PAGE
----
Recently announced in the LOG, Dan McCollum, Assistant Vice Chancellor for Academic Administration, and I received a $50,000 grant from the UW System to further undergraduate research on our campus. Continue reading Redefining Undergraduate Research
A group of faculty got together recently to discuss the CATL book club selection – “Engaging Students as Partners in Learning and Teaching: A Guide for Faculty” by Alison Cook-Sather, Catherine Bovill, and Peter Felten. Continue reading CATL Book Club
This semester, I have 4 teaching assistants—two for my American Government and Politics class and two for my Introduction to Public Policy class. As the classes have progressed, I’ve noticed my teaching assistants making interesting discoveries about teaching. Continue reading Seeing is Believing
Mathematics Senior Lecturer, Theresa Adsit, shares thoughts on her CATL Teaching Enhancement Grant funded project…
Having enjoyed the benefits of having randomized, computer generated homework problems available to assign to my Calculus and Intermediate Algebra students, I wanted to extend those same benefits to my Elementary Functions: Algebra and Trigonometry Math 104 students. Continue reading To Sum It All Up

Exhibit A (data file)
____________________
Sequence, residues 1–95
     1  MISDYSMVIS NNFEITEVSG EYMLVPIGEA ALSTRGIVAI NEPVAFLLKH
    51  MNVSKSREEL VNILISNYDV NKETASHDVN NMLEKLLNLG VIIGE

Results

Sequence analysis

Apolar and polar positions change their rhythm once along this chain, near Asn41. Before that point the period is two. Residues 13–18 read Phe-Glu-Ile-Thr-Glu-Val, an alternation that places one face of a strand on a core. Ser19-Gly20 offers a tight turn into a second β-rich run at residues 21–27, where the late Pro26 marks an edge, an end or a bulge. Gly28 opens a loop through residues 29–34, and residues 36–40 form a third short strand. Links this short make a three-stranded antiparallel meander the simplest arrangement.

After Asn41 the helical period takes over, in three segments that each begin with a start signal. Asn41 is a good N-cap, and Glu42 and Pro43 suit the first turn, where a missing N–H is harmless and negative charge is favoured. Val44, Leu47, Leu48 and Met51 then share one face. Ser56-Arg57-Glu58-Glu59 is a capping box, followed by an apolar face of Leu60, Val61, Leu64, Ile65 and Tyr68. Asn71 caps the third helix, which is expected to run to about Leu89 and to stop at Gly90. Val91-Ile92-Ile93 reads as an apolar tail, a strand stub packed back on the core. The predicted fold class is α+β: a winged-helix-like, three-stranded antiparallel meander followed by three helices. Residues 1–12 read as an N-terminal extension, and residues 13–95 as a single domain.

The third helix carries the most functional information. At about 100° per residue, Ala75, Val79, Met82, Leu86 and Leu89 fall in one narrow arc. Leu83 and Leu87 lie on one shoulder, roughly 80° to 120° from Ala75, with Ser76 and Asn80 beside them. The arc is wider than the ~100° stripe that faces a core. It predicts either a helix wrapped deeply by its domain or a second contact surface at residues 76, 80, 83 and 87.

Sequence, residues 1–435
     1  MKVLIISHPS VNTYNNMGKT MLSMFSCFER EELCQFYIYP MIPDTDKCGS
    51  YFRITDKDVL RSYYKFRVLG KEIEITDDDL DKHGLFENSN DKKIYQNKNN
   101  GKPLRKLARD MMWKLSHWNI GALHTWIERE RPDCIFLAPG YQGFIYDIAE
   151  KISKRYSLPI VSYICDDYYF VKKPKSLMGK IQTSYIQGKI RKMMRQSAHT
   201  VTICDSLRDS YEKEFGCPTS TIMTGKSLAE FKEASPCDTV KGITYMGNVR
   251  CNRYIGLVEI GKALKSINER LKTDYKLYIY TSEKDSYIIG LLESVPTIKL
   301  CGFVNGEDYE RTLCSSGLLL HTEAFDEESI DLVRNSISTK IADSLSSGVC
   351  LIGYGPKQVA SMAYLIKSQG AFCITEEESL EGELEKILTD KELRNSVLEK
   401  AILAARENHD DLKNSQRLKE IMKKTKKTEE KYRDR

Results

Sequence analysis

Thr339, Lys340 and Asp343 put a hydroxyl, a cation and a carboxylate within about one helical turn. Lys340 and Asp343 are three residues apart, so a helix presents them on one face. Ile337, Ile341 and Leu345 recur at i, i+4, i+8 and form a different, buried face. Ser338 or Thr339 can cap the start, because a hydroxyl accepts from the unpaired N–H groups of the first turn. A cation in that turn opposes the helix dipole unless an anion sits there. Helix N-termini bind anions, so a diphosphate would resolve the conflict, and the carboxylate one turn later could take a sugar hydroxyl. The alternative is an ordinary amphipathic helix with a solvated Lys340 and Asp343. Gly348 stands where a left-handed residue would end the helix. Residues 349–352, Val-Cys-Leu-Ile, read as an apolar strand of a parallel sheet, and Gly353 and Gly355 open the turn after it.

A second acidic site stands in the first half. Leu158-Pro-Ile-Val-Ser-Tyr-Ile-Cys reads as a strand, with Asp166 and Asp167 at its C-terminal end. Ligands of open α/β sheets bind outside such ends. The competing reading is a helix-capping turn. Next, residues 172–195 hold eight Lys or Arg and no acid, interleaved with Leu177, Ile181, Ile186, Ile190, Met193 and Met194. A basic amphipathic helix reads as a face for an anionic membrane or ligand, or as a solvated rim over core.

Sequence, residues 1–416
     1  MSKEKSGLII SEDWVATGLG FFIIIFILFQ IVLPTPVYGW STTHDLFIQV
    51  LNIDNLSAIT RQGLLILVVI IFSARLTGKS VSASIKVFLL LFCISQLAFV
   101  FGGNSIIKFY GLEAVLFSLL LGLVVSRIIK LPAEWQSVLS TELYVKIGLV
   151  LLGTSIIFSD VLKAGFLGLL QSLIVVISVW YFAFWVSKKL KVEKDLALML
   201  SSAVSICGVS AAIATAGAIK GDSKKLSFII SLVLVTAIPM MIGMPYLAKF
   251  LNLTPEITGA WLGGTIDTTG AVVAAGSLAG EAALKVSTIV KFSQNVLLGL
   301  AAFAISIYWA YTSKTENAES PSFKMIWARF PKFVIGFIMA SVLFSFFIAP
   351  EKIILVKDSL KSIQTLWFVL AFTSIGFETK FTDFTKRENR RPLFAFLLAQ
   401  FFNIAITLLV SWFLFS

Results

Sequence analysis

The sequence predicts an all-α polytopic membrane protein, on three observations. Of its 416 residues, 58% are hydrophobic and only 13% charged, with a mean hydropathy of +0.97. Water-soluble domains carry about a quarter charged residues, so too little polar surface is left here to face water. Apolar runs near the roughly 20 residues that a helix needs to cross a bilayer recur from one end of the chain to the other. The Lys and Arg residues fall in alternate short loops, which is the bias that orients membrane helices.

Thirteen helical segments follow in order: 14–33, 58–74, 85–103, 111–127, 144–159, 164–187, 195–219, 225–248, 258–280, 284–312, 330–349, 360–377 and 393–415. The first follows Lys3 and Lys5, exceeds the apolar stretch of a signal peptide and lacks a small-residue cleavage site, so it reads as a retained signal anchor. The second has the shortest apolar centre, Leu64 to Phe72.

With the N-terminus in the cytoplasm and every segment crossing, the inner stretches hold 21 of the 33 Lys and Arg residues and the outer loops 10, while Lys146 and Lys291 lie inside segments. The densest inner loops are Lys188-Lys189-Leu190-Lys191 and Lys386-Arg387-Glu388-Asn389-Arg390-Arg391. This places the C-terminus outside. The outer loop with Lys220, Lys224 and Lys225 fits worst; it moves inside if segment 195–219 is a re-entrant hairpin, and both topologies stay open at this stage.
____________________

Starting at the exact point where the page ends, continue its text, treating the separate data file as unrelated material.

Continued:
Prior to teaching my Public Policy Analysis students the practical skills needed to produce good policy analyses, I would spend time grounding practice in classic theories of policymaking. Every semester, about half-way into these discussions, I would wish I hadn’t even bothered. Continue reading Why Should I Care About Theory?
P. H. D.
Three little letters. On their own, they don’t look all that impressive. Once you learn a little about their significance, though, you find that those three little letters mean a great deal. A Ph.D. is the highest academic degree. As such, it takes years of intensive study to earn one. With an introduction like that, you might get the impression that I wrote this blog post to brag about the prestige of a Ph.D. That’s not at all what this is about, as you’ll see below. Continue reading The Power of What We Can Do
One of the responsibilities of social work educators is to encourage students to challenge the status quo, Continue reading Let’s Blog About It
“You don’t know how to read,” I’ve fantasized about saying to my students. Then, I realize that they would quite rightly be offended. Of course my students are literate: some of them are even very skilled readers. However, many of them lose this skill when reading theoretical or philosophical arguments. Beyond tried and true methods of insuring that reading “compliance” occurs (quizzes, online quizzes, literature circles,discussion…), I wanted to know how to help my students learn to read like a political theorist. Continue reading You Don’t Know How To Read